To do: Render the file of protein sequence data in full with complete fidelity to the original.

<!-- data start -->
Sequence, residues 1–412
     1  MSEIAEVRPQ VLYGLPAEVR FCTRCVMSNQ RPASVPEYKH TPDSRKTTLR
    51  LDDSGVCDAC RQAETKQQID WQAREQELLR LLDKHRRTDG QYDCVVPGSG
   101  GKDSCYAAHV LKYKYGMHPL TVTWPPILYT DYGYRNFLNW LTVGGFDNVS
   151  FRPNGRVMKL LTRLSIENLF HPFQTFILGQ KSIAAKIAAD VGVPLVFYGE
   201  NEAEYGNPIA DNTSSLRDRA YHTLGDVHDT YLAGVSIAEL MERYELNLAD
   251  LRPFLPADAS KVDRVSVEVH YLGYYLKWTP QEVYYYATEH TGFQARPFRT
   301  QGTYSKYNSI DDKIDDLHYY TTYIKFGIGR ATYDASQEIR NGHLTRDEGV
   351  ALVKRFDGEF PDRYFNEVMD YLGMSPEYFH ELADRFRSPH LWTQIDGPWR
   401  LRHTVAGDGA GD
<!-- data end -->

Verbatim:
Sequence, residues 1–412
     1  MSEIAEVRPQ VLYGLPAEVR FCTRCVMSNQ RPASVPEYKH TPDSRKTTLR
    51  LDDSGVCDAC RQAETKQQID WQAREQELLR LLDKHRRTDG QYDCVVPGSG
   101  GKDSCYAAHV LKYKYGMHPL TVTWPPILYT DYGYRNFLNW LTVGGFDNVS
   151  FRPNGRVMKL LTRLSIENLF HPFQTFILGQ KSIAAKIAAD VGVPLVFYGE
   201  NEAEYGNPIA DNTSSLRDRA YHTLGDVHDT YLAGVSIAEL MERYELNLAD
   251  LRPFLPADAS KVDRVSVEVH YLGYYLKWTP QEVYYYATEH TGFQARPFRT
   301  QGTYSKYNSI DDKIDDLHYY TTYIKFGIGR ATYDASQEIR NGHLTRDEGV
   351  ALVKRFDGEF PDRYFNEVMD YLGMSPEYFH ELADRFRSPH LWTQIDGPWR
   401  LRHTVAGDGA GD